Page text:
Impact of type of reconstructed residence on social participation and mental health of population displaced by disasters

Tomomi Suzuki, Tetsuya Akaishi, Harumi Nemoto, Yusuke Utsumi, Moe Seto, Hitomi Usukura, Yasuto Kunii, Yumi Sugawara, Naoki Nakaya, Tomohiro Nakamura, Naho Tsuchiya, Akira Narita, Mana Kogure, Atsushi Hozawa, Ichiro Tsuji, Tadashi Ishii, Hiroaki Tomita

Research output: Contribution to journalArticlepeer-review

3 Citations (Scopus)


After disasters, people are often forced to reconstruct or move to new residences. This study aimed to reveal the association between the types of reconstructed residences and psychosocial or psychiatric conditions among the population. A total of 1071 adult residents in a coastal town, whose houses were destroyed by the tsunami caused by the Great East Japan Earthquake, enrolled in the study five years after the disaster. The type of reconstructed post-disaster residences (reconstructed on the same site/disaster-recovery public condominium/mass-translocation to higher ground/privately moving to remote areas) and the current psychosocial indicators were investigated. The results revealed that individuals living in public condominiums showed significantly worse scores on the Lubben Social Network Scale-6 (p < 0.0001) and the Center for Epidemiologic Studies Depression Scale (p < 0.0001), and slightly worse scores on the Kessler Psychological Distress Scale (p = 0.035) and the Impact of Event Scale-Revised (p = 0.028). Lower psychosocial indicator scores in the public condominium group were more remarkable in younger adults aged < 65 years. Insomnia evaluated using the Athens Insomnia Scale was not different among the four residential types. In summary, residents moving into disaster-recovery public condominiums are likely to have less social interaction, be more depressed, and may need additional interventions.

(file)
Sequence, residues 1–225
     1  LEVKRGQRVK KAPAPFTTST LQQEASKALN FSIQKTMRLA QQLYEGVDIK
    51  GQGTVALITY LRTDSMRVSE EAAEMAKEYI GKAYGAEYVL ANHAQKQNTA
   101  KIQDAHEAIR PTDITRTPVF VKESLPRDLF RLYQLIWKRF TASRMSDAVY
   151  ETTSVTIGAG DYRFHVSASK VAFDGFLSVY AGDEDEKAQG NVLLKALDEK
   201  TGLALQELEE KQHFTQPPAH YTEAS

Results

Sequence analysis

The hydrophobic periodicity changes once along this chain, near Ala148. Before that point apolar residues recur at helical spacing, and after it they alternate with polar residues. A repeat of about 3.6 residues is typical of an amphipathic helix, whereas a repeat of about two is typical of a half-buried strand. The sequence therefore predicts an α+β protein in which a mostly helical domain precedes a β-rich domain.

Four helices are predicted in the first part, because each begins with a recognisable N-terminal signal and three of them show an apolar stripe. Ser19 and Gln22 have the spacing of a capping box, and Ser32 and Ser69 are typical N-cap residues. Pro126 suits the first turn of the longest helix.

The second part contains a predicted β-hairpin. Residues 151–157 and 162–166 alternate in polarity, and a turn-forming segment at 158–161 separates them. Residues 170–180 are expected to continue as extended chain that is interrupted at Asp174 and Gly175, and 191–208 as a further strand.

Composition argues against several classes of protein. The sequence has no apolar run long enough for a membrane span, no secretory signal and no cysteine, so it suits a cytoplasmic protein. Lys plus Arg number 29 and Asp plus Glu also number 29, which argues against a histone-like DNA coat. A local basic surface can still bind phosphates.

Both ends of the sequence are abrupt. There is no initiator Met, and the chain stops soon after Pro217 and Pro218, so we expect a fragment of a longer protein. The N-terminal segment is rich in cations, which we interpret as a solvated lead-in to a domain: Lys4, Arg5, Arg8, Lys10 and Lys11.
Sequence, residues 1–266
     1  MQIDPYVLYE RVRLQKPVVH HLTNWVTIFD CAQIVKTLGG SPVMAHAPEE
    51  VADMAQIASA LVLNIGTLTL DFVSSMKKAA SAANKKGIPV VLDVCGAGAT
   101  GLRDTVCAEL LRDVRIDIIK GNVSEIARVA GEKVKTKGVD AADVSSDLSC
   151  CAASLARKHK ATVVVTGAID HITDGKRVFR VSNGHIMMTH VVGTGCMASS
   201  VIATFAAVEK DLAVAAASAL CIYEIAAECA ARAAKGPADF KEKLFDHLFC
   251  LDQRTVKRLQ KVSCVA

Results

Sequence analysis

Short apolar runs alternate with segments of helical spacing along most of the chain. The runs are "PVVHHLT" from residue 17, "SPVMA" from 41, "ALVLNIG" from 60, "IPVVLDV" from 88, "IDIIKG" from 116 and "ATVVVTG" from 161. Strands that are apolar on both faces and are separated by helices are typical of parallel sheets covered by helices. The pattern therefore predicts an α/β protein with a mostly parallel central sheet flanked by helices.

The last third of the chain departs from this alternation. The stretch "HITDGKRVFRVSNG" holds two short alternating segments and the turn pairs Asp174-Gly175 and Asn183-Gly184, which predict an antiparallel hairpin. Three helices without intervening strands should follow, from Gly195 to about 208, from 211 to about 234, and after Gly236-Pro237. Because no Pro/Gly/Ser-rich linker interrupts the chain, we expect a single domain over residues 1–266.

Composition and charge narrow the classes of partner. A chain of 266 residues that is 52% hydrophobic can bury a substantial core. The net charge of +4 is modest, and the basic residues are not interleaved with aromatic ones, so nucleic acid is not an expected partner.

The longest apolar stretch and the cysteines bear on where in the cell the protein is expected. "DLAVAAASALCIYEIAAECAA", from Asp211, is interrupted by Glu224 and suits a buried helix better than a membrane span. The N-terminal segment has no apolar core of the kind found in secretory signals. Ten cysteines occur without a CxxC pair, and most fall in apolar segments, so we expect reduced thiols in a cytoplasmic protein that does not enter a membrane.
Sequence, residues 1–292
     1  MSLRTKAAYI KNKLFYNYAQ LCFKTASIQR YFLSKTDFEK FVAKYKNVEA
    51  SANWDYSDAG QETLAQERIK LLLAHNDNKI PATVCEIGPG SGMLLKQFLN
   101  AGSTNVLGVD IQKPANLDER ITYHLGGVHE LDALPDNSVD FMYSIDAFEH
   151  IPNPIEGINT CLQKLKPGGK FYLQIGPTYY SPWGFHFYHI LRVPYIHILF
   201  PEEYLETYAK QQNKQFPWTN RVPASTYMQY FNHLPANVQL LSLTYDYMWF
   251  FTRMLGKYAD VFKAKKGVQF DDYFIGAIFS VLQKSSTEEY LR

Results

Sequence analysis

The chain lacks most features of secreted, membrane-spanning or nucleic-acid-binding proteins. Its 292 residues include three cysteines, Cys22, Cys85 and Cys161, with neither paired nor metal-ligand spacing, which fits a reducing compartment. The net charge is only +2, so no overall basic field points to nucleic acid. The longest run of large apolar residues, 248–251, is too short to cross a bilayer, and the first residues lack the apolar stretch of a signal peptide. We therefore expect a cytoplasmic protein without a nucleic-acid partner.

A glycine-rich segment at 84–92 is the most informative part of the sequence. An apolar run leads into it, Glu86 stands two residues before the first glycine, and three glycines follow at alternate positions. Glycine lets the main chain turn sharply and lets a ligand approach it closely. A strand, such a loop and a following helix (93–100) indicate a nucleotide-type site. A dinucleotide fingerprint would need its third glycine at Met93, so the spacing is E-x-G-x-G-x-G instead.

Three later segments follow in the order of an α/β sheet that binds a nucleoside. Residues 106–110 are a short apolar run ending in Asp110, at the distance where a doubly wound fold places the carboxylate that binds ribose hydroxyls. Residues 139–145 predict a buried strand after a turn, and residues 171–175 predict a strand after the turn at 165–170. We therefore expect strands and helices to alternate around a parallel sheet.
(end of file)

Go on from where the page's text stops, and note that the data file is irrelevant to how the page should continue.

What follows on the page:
Original languageEnglish
Article number21465
JournalScientific Reports
Issue number1
Publication statusPublished - 2021 Dec


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